Patrick: MA Mandatory Sentencing Makes Convicts Worse


Massachusetts Gov. Deval Patrick has started a comprehensive review of the state mandatory sentencing laws, says the Boston Globe. The effort is endorsed by the attorney general and the chief justice of the trial courts to help stop the “revolving door” in the prison system. “People come out more dangerous than when they went in,” Patrick told the Globe, explaining his administration’s focus on fundamentally changing the philosophy of the criminal justice system. Officials say mandatory minimum sentences, which eliminate judges’ discretion in certain cases, drive up the cost of corrections and make it less likely that prisoners will participate in programs that could help them reenter society when they are released.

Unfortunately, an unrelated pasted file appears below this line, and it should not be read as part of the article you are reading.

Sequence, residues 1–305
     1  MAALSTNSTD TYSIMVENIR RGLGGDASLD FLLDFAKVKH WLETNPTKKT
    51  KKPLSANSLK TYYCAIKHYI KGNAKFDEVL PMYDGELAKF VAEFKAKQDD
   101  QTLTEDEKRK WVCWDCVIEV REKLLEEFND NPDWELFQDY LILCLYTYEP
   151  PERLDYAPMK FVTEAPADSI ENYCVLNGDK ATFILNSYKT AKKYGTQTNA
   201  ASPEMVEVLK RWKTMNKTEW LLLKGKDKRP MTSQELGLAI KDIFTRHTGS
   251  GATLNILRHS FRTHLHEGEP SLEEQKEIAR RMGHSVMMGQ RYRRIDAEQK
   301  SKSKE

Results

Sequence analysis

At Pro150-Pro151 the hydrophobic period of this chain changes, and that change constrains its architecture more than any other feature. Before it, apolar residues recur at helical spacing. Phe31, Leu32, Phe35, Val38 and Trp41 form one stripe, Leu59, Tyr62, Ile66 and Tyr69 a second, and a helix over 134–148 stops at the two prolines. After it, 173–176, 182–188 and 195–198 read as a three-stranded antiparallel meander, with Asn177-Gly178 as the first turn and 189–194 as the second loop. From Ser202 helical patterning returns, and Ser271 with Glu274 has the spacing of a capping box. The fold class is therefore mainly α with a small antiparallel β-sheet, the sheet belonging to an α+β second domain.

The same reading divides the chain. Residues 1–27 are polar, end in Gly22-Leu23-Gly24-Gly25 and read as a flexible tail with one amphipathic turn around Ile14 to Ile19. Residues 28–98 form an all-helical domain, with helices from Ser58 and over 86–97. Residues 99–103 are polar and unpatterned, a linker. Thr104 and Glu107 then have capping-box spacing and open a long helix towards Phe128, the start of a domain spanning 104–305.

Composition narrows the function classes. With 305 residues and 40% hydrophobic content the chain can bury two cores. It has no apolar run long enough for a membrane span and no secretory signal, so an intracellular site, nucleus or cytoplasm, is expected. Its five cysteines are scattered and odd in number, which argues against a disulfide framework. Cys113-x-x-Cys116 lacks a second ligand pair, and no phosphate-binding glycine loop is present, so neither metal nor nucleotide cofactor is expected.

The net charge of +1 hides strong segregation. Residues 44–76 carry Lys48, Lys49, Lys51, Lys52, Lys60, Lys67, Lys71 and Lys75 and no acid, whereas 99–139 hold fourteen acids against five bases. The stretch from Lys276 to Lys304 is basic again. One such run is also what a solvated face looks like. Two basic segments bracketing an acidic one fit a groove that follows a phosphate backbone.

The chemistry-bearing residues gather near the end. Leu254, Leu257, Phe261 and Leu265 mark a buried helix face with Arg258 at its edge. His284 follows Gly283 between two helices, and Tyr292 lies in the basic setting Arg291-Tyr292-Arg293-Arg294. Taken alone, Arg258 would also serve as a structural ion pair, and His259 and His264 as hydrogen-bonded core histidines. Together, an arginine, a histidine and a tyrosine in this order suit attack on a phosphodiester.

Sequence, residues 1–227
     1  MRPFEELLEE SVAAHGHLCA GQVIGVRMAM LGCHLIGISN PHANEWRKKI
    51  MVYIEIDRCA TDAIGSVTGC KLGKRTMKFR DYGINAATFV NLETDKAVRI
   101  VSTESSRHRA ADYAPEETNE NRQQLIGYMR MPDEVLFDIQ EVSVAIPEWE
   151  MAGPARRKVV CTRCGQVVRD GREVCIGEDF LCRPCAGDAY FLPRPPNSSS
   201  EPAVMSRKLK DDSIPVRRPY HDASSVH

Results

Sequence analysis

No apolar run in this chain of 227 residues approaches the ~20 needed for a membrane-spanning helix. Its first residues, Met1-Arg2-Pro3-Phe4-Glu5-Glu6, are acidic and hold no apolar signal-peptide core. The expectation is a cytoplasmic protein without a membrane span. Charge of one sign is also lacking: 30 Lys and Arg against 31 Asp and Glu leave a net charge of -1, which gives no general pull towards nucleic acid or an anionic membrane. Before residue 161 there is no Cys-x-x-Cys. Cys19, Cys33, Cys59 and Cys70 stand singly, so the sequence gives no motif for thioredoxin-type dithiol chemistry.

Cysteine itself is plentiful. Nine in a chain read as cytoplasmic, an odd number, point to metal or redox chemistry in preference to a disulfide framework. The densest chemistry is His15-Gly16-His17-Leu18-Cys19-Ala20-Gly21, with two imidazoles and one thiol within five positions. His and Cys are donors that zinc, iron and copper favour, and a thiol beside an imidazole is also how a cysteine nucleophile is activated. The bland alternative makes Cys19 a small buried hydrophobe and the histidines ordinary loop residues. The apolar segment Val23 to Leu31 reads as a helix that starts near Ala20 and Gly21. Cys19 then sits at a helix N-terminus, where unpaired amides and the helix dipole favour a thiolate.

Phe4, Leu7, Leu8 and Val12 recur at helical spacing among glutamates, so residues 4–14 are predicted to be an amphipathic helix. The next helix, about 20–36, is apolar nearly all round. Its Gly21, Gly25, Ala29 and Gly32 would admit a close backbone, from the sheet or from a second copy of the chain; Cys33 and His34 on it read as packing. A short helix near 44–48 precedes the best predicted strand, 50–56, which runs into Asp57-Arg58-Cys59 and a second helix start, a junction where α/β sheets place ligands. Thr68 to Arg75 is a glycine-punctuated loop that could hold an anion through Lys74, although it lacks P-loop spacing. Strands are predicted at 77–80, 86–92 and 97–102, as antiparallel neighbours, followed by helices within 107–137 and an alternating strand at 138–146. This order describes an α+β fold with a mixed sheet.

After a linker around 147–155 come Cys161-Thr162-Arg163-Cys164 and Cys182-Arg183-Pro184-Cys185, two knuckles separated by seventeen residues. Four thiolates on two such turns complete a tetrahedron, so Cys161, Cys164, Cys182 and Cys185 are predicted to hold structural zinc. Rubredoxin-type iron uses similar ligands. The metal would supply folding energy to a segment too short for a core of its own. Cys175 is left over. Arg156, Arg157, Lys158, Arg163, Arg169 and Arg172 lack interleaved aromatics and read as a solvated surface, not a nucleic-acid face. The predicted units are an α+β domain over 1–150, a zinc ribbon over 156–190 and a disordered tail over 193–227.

Because those prisoners cannot get out early for good behavior, they have little incentive to participate in programs while in prison. They are barred by law from enrolling in work release, rehabilitation, or furlough programs outside their institution, said Mary Elizabeth Heffernan, an undersecretary for public safety. Once they finish their sentence, they are sent back into society unsupervised. Without a plan to reintegrate the thousands of criminals who get out of prison each year, Heffernan said, many will return to crime. Administration statistics indicate that nearly half commit a crime during their first year after release.


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